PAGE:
Take the 2-minute tour ×
Stack Overflow is a question and answer site for professional and enthusiast programmers. It's 100% free, no registration required.

I'm trying to use QStandardItemModel to represent a hierarchy of data, but when I'm adding QStandardItems to the model, I have to assign them in object member variables, or the objects seems to be deleted.

For example

self.tree_model = QStandardItemModel()
self.tree_model.setHorizontalHeaderLabels(['Category'])
self.out_insertions = QStandardItem("Insertions")
self.tree_model.invisibleRootItem().appendRow(self.out_insertions)

Works as expected (an "Insertion" row is inserted under the column "Category"). But if I remove the self.out_insertion assignment, like:

self.tree_model = QStandardItemModel()
self.tree_model.setHorizontalHeaderLabels(['Category'])
self.tree_model.invisibleRootItem().appendRow(QStandardItem("Insertions"))

It doesn't work (an empty row is shown).

I'm using Qt 4.6.3 and PySide 0.4.1. Can someone explain me why this happens?

Thanks in advance

~Aki

share|improve this question

1 Answer 1

up vote 3 down vote accepted

Your object get garbage collected since no more (Python) references to it exist.

This behavior is described in the 'things to be aware of' in the PyQt documentation.

Most of these problems (in PyQt land) can be avoided by correct parenting (which makes Qt take ownership instead of PyQt).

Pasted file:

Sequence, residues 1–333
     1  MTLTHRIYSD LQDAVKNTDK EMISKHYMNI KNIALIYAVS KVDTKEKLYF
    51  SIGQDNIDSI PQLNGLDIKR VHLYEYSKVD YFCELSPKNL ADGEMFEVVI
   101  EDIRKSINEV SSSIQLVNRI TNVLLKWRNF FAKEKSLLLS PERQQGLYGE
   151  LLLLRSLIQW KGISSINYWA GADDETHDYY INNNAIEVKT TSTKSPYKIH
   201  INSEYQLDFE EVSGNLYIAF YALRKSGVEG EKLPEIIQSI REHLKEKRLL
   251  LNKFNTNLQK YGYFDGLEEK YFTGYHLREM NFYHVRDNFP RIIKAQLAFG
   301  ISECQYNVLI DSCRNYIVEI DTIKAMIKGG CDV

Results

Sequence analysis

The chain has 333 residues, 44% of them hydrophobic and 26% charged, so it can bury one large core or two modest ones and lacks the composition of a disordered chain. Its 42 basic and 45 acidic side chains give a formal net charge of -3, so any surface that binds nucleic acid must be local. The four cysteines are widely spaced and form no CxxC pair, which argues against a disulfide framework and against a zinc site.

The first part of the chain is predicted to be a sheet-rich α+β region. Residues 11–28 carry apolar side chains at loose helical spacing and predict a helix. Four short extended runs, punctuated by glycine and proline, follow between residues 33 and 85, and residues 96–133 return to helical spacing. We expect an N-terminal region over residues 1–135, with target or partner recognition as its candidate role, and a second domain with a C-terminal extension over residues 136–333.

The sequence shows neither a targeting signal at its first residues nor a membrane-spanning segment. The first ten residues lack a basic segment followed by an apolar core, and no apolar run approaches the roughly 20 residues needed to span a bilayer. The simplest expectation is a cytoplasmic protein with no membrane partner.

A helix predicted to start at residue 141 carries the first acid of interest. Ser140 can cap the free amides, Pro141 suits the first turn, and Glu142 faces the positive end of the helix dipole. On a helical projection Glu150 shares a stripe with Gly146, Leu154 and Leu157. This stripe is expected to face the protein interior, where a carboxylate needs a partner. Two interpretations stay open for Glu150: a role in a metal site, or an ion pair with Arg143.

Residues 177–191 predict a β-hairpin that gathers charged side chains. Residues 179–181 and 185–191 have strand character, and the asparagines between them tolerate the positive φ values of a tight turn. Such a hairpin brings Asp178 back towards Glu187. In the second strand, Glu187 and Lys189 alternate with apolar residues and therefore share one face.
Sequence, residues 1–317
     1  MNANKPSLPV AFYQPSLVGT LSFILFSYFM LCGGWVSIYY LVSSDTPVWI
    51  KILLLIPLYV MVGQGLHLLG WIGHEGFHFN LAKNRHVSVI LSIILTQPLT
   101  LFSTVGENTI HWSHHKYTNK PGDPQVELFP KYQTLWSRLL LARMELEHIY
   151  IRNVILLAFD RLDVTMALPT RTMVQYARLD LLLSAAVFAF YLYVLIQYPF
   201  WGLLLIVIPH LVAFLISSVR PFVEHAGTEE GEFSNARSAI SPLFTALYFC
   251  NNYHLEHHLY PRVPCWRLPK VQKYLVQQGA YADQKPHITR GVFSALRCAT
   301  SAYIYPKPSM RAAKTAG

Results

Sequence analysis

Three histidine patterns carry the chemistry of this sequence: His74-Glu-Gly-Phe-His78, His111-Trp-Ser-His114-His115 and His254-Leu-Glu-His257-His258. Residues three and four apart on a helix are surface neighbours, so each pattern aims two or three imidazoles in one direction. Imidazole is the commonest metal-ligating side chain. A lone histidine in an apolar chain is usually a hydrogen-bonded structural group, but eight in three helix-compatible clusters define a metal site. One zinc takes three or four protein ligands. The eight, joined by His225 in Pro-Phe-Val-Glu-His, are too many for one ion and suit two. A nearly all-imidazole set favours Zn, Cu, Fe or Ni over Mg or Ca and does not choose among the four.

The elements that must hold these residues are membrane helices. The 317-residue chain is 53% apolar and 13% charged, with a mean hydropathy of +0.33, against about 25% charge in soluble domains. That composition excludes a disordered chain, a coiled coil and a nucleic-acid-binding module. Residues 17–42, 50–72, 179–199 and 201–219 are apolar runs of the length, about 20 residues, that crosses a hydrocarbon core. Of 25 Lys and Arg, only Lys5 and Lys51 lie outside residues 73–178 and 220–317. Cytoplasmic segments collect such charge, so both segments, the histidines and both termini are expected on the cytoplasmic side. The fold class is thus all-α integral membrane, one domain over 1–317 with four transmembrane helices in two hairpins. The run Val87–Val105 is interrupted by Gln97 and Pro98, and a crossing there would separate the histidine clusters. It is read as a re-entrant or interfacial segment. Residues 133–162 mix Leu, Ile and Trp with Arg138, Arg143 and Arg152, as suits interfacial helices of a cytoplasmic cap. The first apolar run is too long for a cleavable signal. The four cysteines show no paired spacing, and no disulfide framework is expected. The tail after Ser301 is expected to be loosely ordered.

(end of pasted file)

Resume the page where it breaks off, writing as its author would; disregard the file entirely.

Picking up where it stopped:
share|improve this answer
    
It means that QStandardItemModel doesn't keep internal references to items?!? This sounds pretty odd... –  AkiRoss Nov 1 '10 at 20:47
    
Oops, looks like I misread the pyside tag and assumed PyQt... –  ChristopheD Nov 1 '10 at 20:59
    
Well, I thought about that issue anyway, probably it's a matter of deallocation/destruction... That explains why using local variables instead of object variables would not solve. Anyway what I just find odd is that objects shall be referenced inside StandardItemModel and thus not destroyed... But why? –  AkiRoss Nov 1 '10 at 22:15
    
it is explained quite well in the "things to be aware of" link above. basically its a side effect of following the pyqt method of doing bindings rather than a more pythonic view - which hopefully pyside will implement in a future release. In the meantime - just make sure the thing you create is associated with a more persistent higher level entity. (like a parent window) –  Neon22 Jan 14 '11 at 16:58

Your Answer

 
discard

By posting your answer, you agree to the privacy policy and terms of service.

Not the answer you're looking for? Browse other questions tagged or ask your own question.